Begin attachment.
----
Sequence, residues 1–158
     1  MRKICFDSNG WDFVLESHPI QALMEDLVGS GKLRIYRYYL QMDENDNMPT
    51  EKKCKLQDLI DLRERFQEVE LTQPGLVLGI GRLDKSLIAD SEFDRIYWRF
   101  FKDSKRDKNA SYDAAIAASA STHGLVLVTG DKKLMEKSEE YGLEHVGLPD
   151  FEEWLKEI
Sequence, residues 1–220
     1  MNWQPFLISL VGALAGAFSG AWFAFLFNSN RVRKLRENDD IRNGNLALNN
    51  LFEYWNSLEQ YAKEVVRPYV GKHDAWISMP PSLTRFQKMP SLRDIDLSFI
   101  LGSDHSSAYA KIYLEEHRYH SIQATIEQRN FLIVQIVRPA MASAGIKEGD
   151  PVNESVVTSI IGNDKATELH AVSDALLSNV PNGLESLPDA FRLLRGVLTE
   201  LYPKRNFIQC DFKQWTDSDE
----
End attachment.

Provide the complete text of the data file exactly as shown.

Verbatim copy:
Sequence, residues 1–158
     1  MRKICFDSNG WDFVLESHPI QALMEDLVGS GKLRIYRYYL QMDENDNMPT
    51  EKKCKLQDLI DLRERFQEVE LTQPGLVLGI GRLDKSLIAD SEFDRIYWRF
   101  FKDSKRDKNA SYDAAIAASA STHGLVLVTG DKKLMEKSEE YGLEHVGLPD
   151  FEEWLKEI
Sequence, residues 1–220
     1  MNWQPFLISL VGALAGAFSG AWFAFLFNSN RVRKLRENDD IRNGNLALNN
    51  LFEYWNSLEQ YAKEVVRPYV GKHDAWISMP PSLTRFQKMP SLRDIDLSFI
   101  LGSDHSSAYA KIYLEEHRYH SIQATIEQRN FLIVQIVRPA MASAGIKEGD
   151  PVNESVVTSI IGNDKATELH AVSDALLSNV PNGLESLPDA FRLLRGVLTE
   201  LYPKRNFIQC DFKQWTDSDE